Clergyman recalls encounter at gunpoint



Early on an April morning in 2010, Jerry Coldren prepared to bid goodbye after visiting his brother, Den, a security guard living near Collinsville, in northeastern Oklahoma. A 400-mile drive awaited the pastor, who served the Keyes and Marella churches in the Oklahoma Panhandle. The time was 7 a.m...

By Jerry Coldren

Den had just come in from his night job. After he changed, Den picked up my suitcase and started out the back door, which leads into his garage. I was following.

As he went out the double garage door, Den dropped my suitcase and disappeared. I thought: What is he doing?

I found out when I stepped out the garage door.

A man was standing behind him, with a pistol pointed at Den’s head. Then he saw me and pointed his pistol at me.

"This is a hold-up. I am going to rob you, and if you don’t do what I tell you to do, I am going to shoot you!"

He was wearing a mask over his nose, but it kept sliding down as he yelled.

Den walked to my side, turned, and faced the man. Den asked the man what he wanted.

"We are going into the house; I am robbing you! If you don’t do what I tell you, I am going to shoot you!"

My brother began to debate the robber. I did, too.

Den: "You don’t want to do this. You are going to ruin your life. I am not going to go back into the house. This is my house and no one comes in unless I invite them. Why are you doing this?"

Man: "My life is worth nothing. I’ve got too many problems, and I need money. I have no other choice. If you don’t go, I am going to shoot you right now."

Den: "Then you might as well shoot me now."

Man, pointing gun at me: "You are going to take me into the house or I will shoot you!"

Me: "My brother said that you are not welcome to go into his home. You might as well shoot me, too!"

Man: "Don’t you understand? I’m desperate."

Me: "Sir, if you are that desperate, why don’t you let us try to help you? We can get you help."

Man: "There is no hope for me. This is the only way for me to get out of my situation."

When the robber said he had no hope, I knew what to say. The Holy Spirit got in charge of me; I must emphasize that.

Me: "Sir, there is always hope. I pastor a church. I know some people who would be willing to help. I would like to pray for you right now that God would help you. There is One who can really help you with your feeling of having no hope. That is God—the God that sent his only Son into this world to die for you, me, my brother, and the entire world so all would have hope. His name is Jesus Christ, the Son of God. He is the only hope anyone can depend on."

Cursing, the robber rejected my offer of prayer and then my business card.

Den: "I have a few dollars in my wallet. I will give them to you and turn around, and then you can leave. I won’t know the direction you take. We can forget what happened. OK?"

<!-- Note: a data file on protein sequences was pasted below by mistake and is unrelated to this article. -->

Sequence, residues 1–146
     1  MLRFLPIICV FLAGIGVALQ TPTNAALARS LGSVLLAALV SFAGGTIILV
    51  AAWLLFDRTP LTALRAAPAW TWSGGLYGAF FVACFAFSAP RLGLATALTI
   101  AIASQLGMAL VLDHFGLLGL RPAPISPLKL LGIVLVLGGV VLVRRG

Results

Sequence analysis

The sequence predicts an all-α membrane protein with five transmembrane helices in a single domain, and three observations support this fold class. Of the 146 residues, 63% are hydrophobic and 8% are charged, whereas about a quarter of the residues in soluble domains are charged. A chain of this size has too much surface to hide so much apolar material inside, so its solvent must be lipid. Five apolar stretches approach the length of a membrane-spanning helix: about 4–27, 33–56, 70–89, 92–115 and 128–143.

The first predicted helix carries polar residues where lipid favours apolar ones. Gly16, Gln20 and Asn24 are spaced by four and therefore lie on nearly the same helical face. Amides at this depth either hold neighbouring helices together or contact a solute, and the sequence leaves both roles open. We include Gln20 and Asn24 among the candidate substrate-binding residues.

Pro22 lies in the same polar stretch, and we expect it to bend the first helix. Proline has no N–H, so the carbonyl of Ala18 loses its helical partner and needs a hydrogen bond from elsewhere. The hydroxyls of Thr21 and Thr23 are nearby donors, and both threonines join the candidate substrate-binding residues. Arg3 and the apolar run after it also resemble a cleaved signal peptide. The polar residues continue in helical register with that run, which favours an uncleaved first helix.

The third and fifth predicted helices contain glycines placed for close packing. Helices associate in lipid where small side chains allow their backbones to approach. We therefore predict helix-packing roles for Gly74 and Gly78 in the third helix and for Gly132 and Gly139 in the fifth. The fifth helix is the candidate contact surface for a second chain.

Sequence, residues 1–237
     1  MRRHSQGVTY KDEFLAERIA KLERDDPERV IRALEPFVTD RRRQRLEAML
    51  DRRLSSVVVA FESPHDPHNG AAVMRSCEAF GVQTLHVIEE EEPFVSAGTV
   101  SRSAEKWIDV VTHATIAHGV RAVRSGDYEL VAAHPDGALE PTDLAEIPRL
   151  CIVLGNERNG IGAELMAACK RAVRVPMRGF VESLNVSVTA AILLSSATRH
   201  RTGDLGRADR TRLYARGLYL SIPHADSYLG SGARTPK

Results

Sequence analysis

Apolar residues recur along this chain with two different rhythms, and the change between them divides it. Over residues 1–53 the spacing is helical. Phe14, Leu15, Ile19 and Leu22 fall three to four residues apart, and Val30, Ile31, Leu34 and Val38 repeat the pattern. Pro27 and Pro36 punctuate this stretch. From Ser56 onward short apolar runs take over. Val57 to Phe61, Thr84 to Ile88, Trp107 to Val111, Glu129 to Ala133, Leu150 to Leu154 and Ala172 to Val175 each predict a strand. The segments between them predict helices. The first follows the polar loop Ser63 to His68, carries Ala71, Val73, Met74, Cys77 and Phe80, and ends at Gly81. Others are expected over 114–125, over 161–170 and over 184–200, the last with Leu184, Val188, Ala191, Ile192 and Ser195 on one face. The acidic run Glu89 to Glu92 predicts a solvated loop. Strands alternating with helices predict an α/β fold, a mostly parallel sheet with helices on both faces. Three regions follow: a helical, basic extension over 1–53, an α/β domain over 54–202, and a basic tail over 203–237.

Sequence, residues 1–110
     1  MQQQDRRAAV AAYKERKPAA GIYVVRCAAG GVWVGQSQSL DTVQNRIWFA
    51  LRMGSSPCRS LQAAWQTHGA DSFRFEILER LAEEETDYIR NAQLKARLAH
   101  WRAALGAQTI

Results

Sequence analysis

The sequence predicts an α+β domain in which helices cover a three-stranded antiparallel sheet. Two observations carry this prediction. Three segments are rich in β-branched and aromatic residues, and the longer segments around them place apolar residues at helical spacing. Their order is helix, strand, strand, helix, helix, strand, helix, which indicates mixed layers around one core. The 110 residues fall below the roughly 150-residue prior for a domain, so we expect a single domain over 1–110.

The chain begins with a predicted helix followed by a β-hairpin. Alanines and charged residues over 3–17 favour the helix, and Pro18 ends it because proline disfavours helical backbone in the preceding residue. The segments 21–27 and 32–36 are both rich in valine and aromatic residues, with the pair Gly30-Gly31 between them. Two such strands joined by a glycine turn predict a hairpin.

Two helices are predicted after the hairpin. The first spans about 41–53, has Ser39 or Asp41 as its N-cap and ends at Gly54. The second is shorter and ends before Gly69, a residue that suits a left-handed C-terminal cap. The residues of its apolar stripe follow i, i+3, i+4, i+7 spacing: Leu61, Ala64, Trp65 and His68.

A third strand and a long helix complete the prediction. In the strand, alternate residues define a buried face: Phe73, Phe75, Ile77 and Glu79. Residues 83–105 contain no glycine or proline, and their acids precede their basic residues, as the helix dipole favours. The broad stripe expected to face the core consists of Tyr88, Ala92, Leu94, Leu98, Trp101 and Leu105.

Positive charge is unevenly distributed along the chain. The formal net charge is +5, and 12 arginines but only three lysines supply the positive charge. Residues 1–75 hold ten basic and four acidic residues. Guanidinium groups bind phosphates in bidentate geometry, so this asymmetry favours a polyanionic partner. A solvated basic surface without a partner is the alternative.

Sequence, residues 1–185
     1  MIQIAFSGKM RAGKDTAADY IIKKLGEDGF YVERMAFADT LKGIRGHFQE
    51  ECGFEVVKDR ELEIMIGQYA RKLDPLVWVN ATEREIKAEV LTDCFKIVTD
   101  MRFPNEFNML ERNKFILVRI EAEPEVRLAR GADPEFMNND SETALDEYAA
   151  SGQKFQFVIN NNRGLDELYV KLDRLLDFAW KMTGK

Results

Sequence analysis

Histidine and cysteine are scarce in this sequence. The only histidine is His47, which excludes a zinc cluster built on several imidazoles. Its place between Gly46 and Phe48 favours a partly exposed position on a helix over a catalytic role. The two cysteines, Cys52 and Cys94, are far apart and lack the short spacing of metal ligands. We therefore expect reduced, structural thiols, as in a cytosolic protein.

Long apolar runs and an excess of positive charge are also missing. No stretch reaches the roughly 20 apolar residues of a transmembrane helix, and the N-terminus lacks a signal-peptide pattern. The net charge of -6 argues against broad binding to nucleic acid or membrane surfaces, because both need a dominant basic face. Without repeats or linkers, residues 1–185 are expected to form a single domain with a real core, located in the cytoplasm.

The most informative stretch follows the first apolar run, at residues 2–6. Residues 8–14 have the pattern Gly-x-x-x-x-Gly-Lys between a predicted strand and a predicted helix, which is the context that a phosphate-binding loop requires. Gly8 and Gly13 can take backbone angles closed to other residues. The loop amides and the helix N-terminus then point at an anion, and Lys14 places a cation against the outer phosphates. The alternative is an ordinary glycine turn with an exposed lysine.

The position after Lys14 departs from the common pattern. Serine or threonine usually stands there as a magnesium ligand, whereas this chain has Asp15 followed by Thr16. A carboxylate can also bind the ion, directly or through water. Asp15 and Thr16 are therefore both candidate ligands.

The man uncocked and slightly lowered the gun.

Quickly I extended the same offer.

The robber ordered us to slowly get out our money. Den had $30; I had $40.

The man grabbed the money and took off. Den and I did not turn around; we heard no car.

After a few moments, Den said, "Let’s go into the house." He closed the garage door and locked the regular door as we went back inside. He called the sheriff’s department, and law officers began arriving. K-9 units and a helicopter were ordered into action. The public was alerted through news media.

My brother told a newsman: "I was thinking of how I could hit the man, and my brother was asking if he could pray for him."

Learning that I was a pastor, a reporter asked my feelings about the robbery and the man.

I’m sad that the man would not accept our help. A lot of people think there is no hope for them.

Society in general has not gotten the word out that there is help available. The Church has not done a good job either, in letting the world know there is hope in God through Jesus Christ.

I forgave the man the moment he put the pistol in my face. If he did shoot me, I did not want to go to my God and Savior with unforgiveness in my life.

I still pray for that man, that God will put someone in his path who will fertilize the seed planted when I told him about Jesus Christ.

My hope and my prayer are that this story will cause the reader to consider what he or she would do in such a situation. Are you willing to help and offer hope to a person holding a gun in your face? Are you willing to forgive at that moment? Where have you placed your hope?

May God surround you with protecting angels, as He did for my brother and me. May God use you to bring hope into someone’s life.

(Officially retired, Coldren now pastors Shidler/Grainola/Foraker, Bartlesville District. He and his wife, Vela, live at Shidler. The robber was arrested about a month after the encounter, the pastor reported.)


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